World Bank report offers Thailand a primer on tackling inequality, poverty
Improvement in worker skills and increasing female participation in the labour force are some of the key recommendation for Thailand in the latest World Bank report released on Wednesday.
The report, titled "Bridging the Gap: Inequality and Jobs in Thailand”, aims to provide a movement landscape of the country's income and employment inequality. It attempts to answer three questions: how did poverty and inequality change over the last two decades and what drove these changes? What causes persistent inequality? And, how did the COVID-19 crisis affect poverty and inequality trends?
World Bank's country manager for Thailand, Fabrizio Zarcone, said the data would aid in the development of Thailand's strategic policies and practical measures to reduce inequality and poverty.
He noted that the report revealed inequity in Thailand began very early in life, with unequal opportunities for human development that persist throughout the life cycle and across generations.
"In the short term, policies are required to address learning losses and rising food prices, which could both widen human capital gap. We must ensure that policies can provide vulnerable groups with enough support to increase their resilience as challenges from rising inflation and climate events mount," he said.
High inequality slows economic growth and undermines poverty reduction efforts, he added.
Zarcone explained that while the report examines patterns of poverty and inequality in Thailand and how the pandemic affected their trends, it pays special attention to inequalities in the labour market.
According to the findings, Thailand has made significant progress in closing the wealth and poverty gaps since the early 2000s, but progress has slowed since 2015.
Thailand had the highest level of income-based inequality in the East Asia and Pacific region in 2021, with a Gini coefficient of 43.3%. The concentration of income in the wealthiest households is particularly high: in 2021, the richest 10% of Thais held more than half of the country's income and wealth.
The World Bank also revealed that disparities in educational opportunities and skills, low farm incomes, an ageing population, and rising household debt all pose challenges to Thailand's efforts to reduce inequality.
Although Covid-19’s effect on poverty and inequality was relatively mild, the pandemic may have exacerbated the existing gap in learning outcomes and household debt challenges.
Meanwhile, Thailand’s rising cost of living and shrinking working-age population share are additional factors complicating efforts to reduce inequality.
The study's lead author, World Bank poverty economist Nadia Belhaj Hassine Belghith, noted that income disparities between regions and communities within regions were contributing to overall inequality in Thailand.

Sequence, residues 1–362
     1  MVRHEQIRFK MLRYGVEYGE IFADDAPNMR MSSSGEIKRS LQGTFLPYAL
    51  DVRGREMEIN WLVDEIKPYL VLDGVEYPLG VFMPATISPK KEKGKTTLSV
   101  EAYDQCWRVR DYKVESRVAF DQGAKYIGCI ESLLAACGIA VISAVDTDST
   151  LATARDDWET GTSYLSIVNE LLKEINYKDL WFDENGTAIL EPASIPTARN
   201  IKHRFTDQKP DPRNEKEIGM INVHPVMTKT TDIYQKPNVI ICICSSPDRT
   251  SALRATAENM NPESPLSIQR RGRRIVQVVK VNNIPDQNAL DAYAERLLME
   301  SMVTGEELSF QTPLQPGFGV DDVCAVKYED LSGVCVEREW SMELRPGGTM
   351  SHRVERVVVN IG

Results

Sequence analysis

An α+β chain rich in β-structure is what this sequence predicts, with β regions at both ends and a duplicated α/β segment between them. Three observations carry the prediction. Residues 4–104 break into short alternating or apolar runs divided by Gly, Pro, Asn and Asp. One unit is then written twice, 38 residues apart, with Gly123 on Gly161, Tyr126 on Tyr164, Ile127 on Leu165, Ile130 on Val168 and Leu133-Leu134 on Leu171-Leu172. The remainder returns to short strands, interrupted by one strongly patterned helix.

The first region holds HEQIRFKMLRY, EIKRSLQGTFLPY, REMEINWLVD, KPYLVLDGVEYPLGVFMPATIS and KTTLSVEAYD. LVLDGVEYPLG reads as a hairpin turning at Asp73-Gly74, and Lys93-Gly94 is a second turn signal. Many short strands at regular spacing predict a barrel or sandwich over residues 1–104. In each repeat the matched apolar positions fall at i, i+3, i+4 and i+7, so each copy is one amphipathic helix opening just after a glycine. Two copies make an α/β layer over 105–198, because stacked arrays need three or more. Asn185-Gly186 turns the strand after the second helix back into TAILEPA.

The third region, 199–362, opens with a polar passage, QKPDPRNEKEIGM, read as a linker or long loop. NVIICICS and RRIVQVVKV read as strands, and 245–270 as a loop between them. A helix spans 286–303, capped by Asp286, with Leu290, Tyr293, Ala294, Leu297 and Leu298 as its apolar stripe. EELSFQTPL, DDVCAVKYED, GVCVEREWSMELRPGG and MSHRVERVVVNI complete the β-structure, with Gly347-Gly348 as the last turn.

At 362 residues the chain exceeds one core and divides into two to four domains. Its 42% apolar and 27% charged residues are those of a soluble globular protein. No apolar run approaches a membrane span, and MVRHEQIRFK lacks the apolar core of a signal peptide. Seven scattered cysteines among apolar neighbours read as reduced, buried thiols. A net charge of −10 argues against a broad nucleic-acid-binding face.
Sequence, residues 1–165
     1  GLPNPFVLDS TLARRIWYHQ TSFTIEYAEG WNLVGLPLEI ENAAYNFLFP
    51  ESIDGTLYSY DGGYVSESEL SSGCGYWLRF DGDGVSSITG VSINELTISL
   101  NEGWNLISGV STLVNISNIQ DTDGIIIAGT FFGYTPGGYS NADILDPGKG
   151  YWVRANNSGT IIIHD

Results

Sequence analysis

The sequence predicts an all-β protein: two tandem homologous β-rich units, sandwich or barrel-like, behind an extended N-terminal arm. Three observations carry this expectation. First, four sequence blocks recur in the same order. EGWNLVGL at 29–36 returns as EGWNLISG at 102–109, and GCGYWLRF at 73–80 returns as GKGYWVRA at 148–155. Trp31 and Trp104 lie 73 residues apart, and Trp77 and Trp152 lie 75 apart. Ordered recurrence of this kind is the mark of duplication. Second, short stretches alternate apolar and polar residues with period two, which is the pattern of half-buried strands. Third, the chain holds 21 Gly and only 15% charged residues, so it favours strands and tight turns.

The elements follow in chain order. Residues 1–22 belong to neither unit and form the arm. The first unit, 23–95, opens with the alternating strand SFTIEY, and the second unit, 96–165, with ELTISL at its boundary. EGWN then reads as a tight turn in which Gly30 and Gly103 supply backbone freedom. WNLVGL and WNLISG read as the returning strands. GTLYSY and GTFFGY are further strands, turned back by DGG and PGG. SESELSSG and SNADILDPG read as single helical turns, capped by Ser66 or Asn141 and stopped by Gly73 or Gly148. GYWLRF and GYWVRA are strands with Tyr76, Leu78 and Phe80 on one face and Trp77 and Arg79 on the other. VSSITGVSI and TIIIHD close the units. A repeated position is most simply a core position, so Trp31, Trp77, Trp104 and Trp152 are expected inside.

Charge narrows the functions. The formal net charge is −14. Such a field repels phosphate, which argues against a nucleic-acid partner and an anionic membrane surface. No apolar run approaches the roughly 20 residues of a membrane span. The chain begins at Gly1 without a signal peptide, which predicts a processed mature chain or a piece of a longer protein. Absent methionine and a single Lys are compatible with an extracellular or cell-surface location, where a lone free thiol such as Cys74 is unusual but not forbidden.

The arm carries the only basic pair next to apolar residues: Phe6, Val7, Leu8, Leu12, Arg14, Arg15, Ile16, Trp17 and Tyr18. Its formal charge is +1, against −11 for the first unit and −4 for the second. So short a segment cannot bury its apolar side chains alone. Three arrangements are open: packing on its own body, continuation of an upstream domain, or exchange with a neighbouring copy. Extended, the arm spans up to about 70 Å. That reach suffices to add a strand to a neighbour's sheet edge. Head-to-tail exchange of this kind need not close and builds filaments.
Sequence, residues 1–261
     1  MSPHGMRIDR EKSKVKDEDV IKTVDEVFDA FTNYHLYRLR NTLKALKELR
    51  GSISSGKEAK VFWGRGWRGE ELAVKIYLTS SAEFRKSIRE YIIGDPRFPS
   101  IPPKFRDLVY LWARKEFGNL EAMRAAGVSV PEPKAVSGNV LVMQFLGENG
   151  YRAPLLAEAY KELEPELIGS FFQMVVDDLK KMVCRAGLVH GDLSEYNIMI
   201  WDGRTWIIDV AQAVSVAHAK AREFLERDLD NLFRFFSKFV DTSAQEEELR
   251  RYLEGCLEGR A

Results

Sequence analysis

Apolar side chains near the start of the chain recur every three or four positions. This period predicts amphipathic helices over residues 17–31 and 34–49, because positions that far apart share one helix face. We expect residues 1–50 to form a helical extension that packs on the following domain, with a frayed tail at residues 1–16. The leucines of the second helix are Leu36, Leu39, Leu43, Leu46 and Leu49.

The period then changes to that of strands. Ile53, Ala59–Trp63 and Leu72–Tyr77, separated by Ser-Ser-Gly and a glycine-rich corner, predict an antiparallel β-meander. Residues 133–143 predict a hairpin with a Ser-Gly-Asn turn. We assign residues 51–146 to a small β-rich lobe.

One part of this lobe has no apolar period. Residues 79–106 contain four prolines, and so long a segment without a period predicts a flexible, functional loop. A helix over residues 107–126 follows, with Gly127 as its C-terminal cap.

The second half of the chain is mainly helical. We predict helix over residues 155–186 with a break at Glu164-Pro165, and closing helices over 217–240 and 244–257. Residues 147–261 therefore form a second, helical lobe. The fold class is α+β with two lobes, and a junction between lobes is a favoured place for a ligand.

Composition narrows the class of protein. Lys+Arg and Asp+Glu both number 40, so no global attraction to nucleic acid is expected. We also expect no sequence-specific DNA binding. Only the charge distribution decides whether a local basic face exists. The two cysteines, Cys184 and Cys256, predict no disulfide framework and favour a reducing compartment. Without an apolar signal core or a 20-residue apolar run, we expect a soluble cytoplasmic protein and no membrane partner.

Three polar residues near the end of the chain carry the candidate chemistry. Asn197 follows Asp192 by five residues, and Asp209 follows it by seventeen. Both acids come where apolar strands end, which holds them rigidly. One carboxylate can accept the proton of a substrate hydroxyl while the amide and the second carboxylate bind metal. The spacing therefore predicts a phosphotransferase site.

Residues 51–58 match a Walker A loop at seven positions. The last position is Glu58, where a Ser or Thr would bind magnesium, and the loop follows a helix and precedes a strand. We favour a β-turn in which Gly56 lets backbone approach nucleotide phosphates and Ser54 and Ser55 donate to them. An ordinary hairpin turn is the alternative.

In 2020, the average income in Bangkok, which has the highest regional GDP per capita in the country, was more than 6.5 times that of the Northeast region, which has the lowest. Bangkok's concentration of economic growth has exacerbated regional disparities in Thailand, emphasising the importance of balanced regional development.
"I think there are several issues that Thailand needs to handle. I think the most urgent one is really the special disparities," she said. The access to quality education is another serious issue that Thailand should focus on.
Belghith pointed out that the largest drivers of income inequality in Thailand are educational gaps and occupational differences.
Attendance is nearly universal at lower levels of education but begins to decline by upper secondary school. Approximately 8% of 15-17-year-old girls do not attend school, while 17% of boys do.
According to the report, the difficulties of distance learning during the pandemic were borne primarily by students from poorer households in Thailand.
The pandemic is estimated to have increased the learning gap — the difference between expected and learning-adjusted years of school — from 3.7 to 4 years, exacerbating the country's already poor learning outcomes, particularly among low-income families.
Under the aforementioned scenario, Thailand's Human Capital Index — a World Bank metric of the contribution of health and education to individual and country productivity — is expected to fall from 0.61 in 2020 to 0.55 in 2022.
Covid-19 exacerbated household debt problems, contributing to the wealth disparity, she added. Between 2019 and 2021, the overall rate of indebted households in Thailand increased from 45.2% to 51.5% as households borrowed to compensate for income losses.
"Thailand can use the pandemic crisis to promote necessary reforms and create a more equal and inclusive society. The country, in particular, needs to assist schools in assessing student learning and provide learning recovery programmes. By strengthening social protection programmes and providing well-targeted assistance, existing transfers will be able to benefit poorer households more effectively," she explained.
Danucha Pichayanan, secretary-general of the National Economic and Social Development Council (NESDC), expressed appreciation for the World Bank data.
He pointed out that the findings assist government agencies in sharpening and integrating practical policies to address Thailand's current inequality and poverty.
"The NESDC also conducts annual inequity and poverty surveys in order to create the country's basic database to alleviate poverty and inequity. Other aspects of the World Bank report would help Thailand create effective poverty and inequality solutions," he noted.